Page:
“I will give thanks to you, Lord, with all my heart; I will tell of all your wonderful deeds”—Psalm 9:1 (NIV).
Did you know giving thanks is not a spontaneous emotion? It’s a habit we need to develop, according to an article by Pastor Rick McDaniel.
After reading the article, I contemplated the above statement and I had to agree with him. I’d never considered that giving thanks wasn’t an automatic response. Think about a recent reaction you might have had, let’s say, to spilled milk. I used to get upset when one of my children—when they were younger—turned a glass of milk over at the dinner table. (They are now grown with children of their own.)
My first response was to jump up and grab a paper towel to sop up the milk. Yes, that’s good, but I sure wasn’t thankful for the mess it made. In fact, I found myself griping about having to clean it up.
Giving Thanks for Spilled Milk
Why should we be thankful for spilled milk? Looking back, I know I should have given thanks for the fact we could afford milk. Doesn’t that change your perspective? It has mine.
What does it mean to be thankful? It means appreciating, focusing on and being grateful for what we have and not fixating on what we don’t have. It’s not impossible, but it is challenging, especially when we live in a culture constantly bombarding us with advertising telling us we need to buy their product.
During this season, stores display and promote their goods, hoping to increase their profit margin. Actually, many begin promoting their wares in September. This makes it even more challenging to focus on what we already have, especially when merchants seem to overlook Thanksgiving, jumping from Halloween to Christmas.
Giving Thanks on Thanksgiving
This month, most of us will be blessed to sit down to a table groaning with Thanksgiving fare: turkey and dressing, mashed potatoes and gravy, an assortment of vegetables and salads, and desserts like pumpkin and pecan pies.
But before we settle down to enjoy, most of us will give thanks—like the first Pilgrims did—for God’s provision. After overeating, we’ll moan, “Oh, I shouldn’t have eaten so much. I feel miserable.”
I often feel guilty after such a feast. Why? Even though I donate to several charities that provide a hot meal for the homeless, I never feel like it’s enough. Instead, I should be giving thanks, not only for the meal I ate, but that God has provided more than enough for me so I can help others.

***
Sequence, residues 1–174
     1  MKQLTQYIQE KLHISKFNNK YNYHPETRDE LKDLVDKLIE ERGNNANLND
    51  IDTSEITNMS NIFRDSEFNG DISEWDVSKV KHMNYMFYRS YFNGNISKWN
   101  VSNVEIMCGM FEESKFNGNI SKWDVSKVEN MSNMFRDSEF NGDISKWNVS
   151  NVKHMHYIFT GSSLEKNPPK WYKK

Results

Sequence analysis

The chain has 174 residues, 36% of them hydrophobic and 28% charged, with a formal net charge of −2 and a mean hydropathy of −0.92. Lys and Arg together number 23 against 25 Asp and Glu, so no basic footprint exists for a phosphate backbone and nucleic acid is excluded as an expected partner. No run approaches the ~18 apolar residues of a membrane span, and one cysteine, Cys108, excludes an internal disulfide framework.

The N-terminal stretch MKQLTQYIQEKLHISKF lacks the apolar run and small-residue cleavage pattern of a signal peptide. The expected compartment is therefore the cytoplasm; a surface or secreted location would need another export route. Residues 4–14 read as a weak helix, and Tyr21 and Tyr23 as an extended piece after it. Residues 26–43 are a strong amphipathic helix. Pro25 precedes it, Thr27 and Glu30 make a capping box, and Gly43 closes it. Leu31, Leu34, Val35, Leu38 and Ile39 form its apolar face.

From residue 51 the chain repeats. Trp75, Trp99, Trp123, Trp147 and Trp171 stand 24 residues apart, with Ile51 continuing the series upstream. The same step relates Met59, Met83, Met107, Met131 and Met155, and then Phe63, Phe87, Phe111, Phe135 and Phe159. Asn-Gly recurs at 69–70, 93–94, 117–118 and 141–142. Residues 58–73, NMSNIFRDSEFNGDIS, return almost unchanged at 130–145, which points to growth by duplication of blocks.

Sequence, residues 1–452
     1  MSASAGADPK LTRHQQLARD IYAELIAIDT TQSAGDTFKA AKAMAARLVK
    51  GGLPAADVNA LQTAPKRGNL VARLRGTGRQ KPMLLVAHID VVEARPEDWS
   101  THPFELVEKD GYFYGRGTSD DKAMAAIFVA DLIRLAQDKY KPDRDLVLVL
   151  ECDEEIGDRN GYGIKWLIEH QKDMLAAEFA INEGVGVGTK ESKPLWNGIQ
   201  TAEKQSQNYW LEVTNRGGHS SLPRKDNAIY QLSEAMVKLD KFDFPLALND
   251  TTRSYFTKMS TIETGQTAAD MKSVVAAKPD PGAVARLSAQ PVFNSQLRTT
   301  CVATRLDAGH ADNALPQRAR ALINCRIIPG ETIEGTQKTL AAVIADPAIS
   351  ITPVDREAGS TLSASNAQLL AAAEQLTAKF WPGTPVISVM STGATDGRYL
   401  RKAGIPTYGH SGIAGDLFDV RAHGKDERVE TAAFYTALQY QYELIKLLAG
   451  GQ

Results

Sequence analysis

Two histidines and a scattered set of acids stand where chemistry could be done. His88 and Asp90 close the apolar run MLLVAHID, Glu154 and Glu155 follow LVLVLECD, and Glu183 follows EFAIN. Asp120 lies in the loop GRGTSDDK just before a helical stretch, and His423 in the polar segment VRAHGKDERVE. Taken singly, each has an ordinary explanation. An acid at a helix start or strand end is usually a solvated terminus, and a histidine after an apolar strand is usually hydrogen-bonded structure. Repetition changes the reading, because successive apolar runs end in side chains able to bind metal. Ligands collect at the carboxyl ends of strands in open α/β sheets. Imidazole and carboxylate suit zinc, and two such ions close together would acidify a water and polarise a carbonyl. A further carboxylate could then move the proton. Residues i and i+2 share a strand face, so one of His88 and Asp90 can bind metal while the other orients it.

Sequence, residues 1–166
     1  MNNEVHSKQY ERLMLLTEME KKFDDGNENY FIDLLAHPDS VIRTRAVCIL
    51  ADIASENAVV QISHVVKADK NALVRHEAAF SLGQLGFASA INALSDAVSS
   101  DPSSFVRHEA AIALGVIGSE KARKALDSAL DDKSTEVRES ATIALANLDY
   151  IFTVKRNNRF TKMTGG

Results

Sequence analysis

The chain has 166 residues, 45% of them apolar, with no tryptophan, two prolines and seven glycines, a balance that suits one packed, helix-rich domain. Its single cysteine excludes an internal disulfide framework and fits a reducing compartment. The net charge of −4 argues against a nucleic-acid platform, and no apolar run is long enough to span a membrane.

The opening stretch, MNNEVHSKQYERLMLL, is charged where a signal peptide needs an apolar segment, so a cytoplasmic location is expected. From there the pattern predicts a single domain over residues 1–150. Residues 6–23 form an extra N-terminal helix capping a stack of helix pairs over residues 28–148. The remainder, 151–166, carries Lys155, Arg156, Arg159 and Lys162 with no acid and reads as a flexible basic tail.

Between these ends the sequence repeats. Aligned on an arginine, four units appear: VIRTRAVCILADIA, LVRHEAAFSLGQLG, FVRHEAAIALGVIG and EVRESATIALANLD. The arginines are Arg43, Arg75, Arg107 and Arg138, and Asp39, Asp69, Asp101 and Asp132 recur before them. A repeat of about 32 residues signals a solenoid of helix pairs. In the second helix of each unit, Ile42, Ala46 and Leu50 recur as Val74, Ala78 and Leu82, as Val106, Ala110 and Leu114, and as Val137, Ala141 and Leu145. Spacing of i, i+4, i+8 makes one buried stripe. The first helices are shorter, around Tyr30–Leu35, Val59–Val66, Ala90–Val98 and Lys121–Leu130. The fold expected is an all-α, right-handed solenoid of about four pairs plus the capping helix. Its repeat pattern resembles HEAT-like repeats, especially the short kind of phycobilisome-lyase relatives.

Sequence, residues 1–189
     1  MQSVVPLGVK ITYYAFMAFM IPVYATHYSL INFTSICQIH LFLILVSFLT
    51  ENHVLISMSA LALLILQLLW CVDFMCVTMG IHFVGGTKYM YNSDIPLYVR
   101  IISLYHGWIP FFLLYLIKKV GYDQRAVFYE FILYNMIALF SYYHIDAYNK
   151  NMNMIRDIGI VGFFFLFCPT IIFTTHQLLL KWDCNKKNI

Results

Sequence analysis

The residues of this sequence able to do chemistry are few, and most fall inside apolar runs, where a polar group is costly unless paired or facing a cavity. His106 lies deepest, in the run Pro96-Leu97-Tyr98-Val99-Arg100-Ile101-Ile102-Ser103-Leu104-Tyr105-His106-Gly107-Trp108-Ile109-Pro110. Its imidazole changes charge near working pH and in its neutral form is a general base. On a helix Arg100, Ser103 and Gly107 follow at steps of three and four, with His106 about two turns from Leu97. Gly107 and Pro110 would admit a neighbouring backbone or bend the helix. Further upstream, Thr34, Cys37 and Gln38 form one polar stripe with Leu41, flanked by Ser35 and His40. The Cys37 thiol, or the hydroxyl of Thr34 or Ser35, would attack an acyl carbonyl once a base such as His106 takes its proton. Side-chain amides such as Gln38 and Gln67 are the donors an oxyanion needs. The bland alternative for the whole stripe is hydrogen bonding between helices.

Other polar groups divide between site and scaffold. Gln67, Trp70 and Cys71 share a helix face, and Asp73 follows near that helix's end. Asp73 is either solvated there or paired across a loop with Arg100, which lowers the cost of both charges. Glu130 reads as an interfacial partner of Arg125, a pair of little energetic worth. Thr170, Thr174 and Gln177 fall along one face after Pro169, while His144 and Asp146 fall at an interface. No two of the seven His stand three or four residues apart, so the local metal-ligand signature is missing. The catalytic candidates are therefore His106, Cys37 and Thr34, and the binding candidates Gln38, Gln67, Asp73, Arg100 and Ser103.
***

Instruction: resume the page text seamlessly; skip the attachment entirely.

Being Thankful All the Time
We need to give thanks on a regular basis, not just on Thanksgiving. Research by Dr. Sonja Lyubomirsky at the University of California, Riverside reveals the powerful benefits of being grateful, but only if you give thanks consistently.
Lyubomirsky says, “If you don’t do it regularly, you’re not going to get the benefits. It’s kind of like going to the gym once a year. What would be the good of that?”
I’d never considered this comparison, but it rings true for me. If we want to be thankful each day, we need to actively seek ways to express our gratitude to God and to others.
Being Grateful Changes Your Attitude
Cultivating an attitude of gratitude can make us constantly aware of each day’s blessings. Most of us tend to focus on our problems more than our blessings. However, giving thanks leads to being more positive, gracious and loving.
We can always find reasons to complain because it’s in our nature. While it may take more effort to find reasons to be thankful, the outcome will eventually change our outlook on life. Instead of a negative attitude, our thoughts will turn to God and His blessings.
In 1 Thessalonians 5:18, Paul writes, “Whatever happens, keep thanking God because of Jesus Christ. This is what God wants you to do.” Giving thanks should always begin with God. Begin each day by giving thanks to Him. You’ll be surprised when it results in a greater appreciation of His goodness.
I always love hearing from my readers. Please feel free to e-mail me at firstname.lastname@example.org with your thoughts, or visit my blog for more inspiration at www.carolaround.com. If you need a speaker or workshop leader, you can contact me at the above e-mail or through my website. I’d be delighted to hear from you.
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